Reserves and Other Lands Disposal Bill - Second reading
STUART SMITH: That is quite a mouthful—“non - non-controversial”—but I take the point of the honourable member Damien O’Connor. The Reserves and Other Lands Disposal Bill—otherwise known as a “ROLD” bill—is quite an interesting bill when you look at some of the history. It is sort of a journey through history, really, and through the interaction of local government with central government, and some of the errors that need to be dealt with in this bill.
The bill makes a number of non-controversial changes—and I guess I am in a different camp to the honourable member Damien O’Connor about those—to land statuses resulting from applications from local authorities and Government departments. There are nine proposed by the Department of Conservation, six by local authorities, and one each by the Ministry of Transport and the Nelson Marlborough District Health Board, which is of course in the Kaikōura electorate.
Matters included in a Reserves and Other Lands Disposal Bill are identified as being non-controversial, which is a point of some debate at the moment, and they have the consent of all the parties involved. So it is right that we deal with these things through the House today in a bill like this. It is absolutely essential that we get these things sorted out so that the land concerned is actually now used for the purposes that are needed by the people who really should have control of it.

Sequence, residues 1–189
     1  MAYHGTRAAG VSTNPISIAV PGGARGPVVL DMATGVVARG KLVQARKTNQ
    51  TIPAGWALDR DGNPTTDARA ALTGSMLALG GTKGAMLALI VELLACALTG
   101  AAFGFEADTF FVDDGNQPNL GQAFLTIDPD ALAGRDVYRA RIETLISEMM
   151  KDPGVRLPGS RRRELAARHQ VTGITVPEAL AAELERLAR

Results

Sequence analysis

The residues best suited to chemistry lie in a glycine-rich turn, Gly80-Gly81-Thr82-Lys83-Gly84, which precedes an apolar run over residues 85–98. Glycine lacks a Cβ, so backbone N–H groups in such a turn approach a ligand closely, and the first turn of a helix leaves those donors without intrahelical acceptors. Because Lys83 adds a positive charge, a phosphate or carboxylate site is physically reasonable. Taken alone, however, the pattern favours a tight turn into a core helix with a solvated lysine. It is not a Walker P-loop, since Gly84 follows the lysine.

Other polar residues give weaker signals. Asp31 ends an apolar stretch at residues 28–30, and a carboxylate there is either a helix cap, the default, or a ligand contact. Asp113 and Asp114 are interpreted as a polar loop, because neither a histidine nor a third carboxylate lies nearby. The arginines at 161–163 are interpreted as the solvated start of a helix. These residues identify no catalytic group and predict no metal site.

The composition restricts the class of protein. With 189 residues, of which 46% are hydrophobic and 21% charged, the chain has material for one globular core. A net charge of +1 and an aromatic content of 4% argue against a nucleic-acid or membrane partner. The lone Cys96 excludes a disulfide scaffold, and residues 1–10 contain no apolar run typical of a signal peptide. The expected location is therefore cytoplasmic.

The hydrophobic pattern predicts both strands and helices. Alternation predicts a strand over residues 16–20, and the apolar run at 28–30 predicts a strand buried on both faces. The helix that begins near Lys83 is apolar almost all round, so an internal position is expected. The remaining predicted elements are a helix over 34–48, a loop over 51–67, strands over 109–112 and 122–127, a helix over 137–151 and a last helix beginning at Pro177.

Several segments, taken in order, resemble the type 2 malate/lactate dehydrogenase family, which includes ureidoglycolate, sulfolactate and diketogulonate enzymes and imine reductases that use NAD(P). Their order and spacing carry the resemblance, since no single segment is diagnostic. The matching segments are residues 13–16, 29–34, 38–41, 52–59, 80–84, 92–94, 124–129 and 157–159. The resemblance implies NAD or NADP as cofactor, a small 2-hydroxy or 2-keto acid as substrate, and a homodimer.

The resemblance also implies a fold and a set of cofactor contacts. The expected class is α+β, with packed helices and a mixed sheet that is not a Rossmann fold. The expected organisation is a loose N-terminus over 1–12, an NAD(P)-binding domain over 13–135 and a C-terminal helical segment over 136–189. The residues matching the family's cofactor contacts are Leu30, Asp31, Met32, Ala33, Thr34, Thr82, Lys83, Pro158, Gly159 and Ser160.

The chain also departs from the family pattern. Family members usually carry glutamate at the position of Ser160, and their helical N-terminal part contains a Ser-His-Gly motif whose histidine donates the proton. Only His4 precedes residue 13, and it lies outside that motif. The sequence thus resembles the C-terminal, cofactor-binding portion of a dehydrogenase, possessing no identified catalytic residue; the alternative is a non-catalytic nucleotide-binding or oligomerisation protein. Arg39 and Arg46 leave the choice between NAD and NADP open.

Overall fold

The bill corrects historical oversights and removes restrictions on land that are no longer relevant. Time does move on, and I will touch on that a little bit later, but the bill updates legislation and makes it fit for purpose. It provides for better community use of the land, and I think a lot of these particular changes go back to community uses of land that have long since ceased to exist, particularly one around the district health board, which I will touch on later.
It is in line with current Government policy about dealing with rules and regulation, and trying to cut through red tape and rules that are no longer fit for purpose or duplicative, and, in this case, that are not even hitting the mark at all. Currently, we are running through with the Rules Reduction Taskforce and focusing right on these particular matters. I have had the pleasure of holding two Rules Reduction Taskforce meetings where we have engaged with the councils and with various industry sector groups, identifying issues that might be dealt with.
My understanding is that there is an interim report going to the relevant Minister, who will be able to come up with some really good changes that will get rid of some of those duplicative rules, so we avoid having to wait as long as we have in this case, with some of these rules and mistakes going right back to the 1800s. That is really a long time ago and they should have been dealt with many years ago, I would suggest.